(Reuters) – Rival Lebanese leaders reached a deal on Wednesday to end 18 months of political conflict that had pushed their country to the brink of a new civil war.
Here is a chronology of Lebanon in the last 18 months.
November 11, 2006 – Five pro-Syrian Shi’ite Muslim ministers from Hezbollah and its ally, the Amal movement, resign after the collapse of talks on giving their camp more say in government.
November 21 – Industry Minister Pierre Gemayel is killed.
December 1 – Hezbollah, Amal and supporters of Christian leader Michel Aoun camp outside Prime Minister Fouad Siniora’s office in Beirut in open-ended campaign to topple the government.
June 13, 2007 – Anti-Syrian parliamentarian Walid Eido and five other people killed by a car bomb near a Beirut beach club.
September 2 – Lebanese troops seize complete control of Nahr al-Bared camp after months of fighting with Fatah al-Islam militants which kills over 420 people, including 168 soldiers.
September 19 – Car bomb in Beirut kills anti-Syrian Christian lawmaker Antoine Ghanem and six other people.
November 23 – Lahoud leaves presidential palace at end of his term, no successor has been elected. Next day Siniora says his cabinet is assuming executive powers.
December 5 – Speaker Berri says rival Lebanese leaders have agreed on General Michel Suleiman as president.
December 12 – Car bomb kills Brigadier General Francois al-Hajj, the army’s head of operations, and a bodyguard in a Christian town east of Beirut.
January 15, 2008 – Car bomb in Christian area of Beirut kills at least 3 people and wounds 16, damages a U.S. embassy car and destroys others.
January 25 – Wisam Eid, a captain in a Lebanese police intelligence unit, is killed by a bomb blast in mainly Christian east Beirut. At least five other people are killed.
February 11 – Three army officers and 16 soldiers are charged over the killing of seven opposition protesters on January 27.
February 14 – Lebanon’s Hezbollah holds mass funeral for its assassinated commander Imad Moughniyah, in Beirut. He was killed in a bomb blast in Syria the day before.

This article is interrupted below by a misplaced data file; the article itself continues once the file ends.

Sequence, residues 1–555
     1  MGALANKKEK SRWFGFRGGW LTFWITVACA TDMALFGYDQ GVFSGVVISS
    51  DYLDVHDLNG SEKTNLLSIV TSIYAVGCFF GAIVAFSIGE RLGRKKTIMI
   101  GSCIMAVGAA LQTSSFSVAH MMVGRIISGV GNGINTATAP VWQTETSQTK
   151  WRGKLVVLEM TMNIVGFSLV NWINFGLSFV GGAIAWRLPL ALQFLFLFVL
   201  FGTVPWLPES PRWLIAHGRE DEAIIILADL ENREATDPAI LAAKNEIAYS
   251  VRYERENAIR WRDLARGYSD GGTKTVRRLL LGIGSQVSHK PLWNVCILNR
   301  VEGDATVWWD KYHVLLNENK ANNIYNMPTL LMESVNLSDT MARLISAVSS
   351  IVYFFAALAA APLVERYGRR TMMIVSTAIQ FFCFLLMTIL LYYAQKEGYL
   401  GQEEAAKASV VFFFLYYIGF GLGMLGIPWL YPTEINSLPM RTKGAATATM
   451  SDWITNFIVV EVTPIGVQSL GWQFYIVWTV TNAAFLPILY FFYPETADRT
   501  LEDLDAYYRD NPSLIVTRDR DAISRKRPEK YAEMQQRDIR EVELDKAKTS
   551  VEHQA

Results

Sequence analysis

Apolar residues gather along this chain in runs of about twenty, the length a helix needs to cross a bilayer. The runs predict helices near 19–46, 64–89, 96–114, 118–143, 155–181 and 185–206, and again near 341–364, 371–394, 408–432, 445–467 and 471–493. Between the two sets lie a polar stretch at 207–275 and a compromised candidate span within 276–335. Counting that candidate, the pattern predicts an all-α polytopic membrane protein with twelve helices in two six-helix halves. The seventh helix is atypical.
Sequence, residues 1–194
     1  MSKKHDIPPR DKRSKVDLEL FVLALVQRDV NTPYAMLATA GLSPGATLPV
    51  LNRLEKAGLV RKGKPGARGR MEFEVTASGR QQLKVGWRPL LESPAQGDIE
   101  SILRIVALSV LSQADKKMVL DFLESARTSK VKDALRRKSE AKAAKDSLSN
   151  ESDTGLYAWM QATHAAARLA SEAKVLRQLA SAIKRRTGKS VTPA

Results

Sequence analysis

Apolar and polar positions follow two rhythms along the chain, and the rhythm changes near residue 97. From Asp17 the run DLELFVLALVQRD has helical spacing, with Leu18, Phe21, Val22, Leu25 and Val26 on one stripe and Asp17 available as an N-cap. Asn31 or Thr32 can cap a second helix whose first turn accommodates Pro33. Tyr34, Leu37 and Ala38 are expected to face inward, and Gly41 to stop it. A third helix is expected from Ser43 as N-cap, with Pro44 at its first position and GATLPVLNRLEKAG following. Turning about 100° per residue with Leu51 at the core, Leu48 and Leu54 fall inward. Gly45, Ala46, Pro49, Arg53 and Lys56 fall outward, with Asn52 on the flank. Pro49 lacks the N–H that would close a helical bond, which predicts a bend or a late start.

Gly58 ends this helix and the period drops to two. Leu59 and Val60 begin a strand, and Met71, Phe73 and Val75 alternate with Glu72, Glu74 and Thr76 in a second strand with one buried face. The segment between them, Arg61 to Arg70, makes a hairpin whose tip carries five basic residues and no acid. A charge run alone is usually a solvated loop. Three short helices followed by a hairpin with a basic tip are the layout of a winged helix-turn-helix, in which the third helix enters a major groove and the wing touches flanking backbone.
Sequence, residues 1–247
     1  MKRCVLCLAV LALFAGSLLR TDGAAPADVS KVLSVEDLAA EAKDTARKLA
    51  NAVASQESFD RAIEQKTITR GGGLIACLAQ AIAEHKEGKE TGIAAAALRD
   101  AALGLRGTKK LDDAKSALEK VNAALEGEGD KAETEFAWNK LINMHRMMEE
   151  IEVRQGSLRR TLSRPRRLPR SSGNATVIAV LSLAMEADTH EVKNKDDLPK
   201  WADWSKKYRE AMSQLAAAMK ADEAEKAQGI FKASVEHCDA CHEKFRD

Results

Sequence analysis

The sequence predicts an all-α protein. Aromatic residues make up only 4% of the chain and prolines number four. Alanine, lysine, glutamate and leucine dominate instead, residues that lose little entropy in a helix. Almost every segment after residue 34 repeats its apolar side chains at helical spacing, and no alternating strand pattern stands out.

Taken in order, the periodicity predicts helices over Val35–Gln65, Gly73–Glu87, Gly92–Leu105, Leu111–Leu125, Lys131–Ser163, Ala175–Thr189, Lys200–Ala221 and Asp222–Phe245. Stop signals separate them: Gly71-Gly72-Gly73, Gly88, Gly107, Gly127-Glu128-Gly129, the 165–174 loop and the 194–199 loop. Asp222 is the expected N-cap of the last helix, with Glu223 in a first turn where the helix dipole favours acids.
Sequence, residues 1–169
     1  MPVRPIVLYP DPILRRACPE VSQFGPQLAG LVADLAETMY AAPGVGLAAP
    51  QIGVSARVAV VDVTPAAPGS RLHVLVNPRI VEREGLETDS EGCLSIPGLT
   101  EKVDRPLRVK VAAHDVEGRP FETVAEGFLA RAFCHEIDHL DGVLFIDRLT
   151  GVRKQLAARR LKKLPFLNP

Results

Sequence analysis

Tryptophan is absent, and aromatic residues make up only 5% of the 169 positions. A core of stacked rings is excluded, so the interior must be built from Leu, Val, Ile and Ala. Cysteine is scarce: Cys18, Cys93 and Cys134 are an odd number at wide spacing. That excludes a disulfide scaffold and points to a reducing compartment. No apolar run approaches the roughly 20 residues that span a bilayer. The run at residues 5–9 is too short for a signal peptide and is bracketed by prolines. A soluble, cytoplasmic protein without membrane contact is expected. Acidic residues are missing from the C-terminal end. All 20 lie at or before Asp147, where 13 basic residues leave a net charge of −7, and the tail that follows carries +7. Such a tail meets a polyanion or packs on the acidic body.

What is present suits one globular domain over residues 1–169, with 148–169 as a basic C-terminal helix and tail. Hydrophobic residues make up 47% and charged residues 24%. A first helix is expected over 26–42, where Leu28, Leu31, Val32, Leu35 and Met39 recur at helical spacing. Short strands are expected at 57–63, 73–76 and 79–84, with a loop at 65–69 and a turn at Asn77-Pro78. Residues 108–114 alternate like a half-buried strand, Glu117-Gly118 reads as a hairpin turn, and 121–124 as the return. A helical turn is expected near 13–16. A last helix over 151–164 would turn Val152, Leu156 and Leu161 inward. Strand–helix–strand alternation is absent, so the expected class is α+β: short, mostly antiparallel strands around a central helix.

May 6 – Hezbollah infuriated by government allegations it spied on Beirut airport and by cabinet’s decision to fire the head of airport security who is close to the opposition.
May 7 – Some 10 people are wounded as government supporters clash with gunmen loyal to the Hezbollah-led opposition in Beirut after followers of Hezbollah paralyse the capital.
May 8 – Hezbollah leader Sayyed Hassan Nasrallah says the government has declared war against the group after its decision to dismantle the group’s communication network.
May 9 – Hezbollah takes control of the Muslim half of Beirut.
May 10 – Hezbollah fighters pull back from areas they had seized in Beirut after the army — regarded as a neutral player — overturned government measures against the group.
May 11 – Hezbollah-led forces overrun posts held by gunmen loyal to Druze leader, Walid Jumblatt, in the Aley district east of Beirut before he agrees to hand them over to the army.
May 12 – Clashes resume in Tripoli in fighting which has killed 81 people since May 7.
May 14 – Lebanon cancels measures which sparked the fighting.
May 15 – An Arab League delegation brokers a deal which will end the fighting, political sources said. The deal is to include the lifting of a Hezbollah-led blockade on Beirut’s sea and airports and ending an armed presence in the streets.
May 16 – Talks to end the crisis open in Qatar.
May 20 – Arab mediators give Lebanon’s Hezbollah-led opposition a deadline to respond to proposals aimed at resolving the crisis.
May 21 – Rival leaders reach a deal to end the conflict.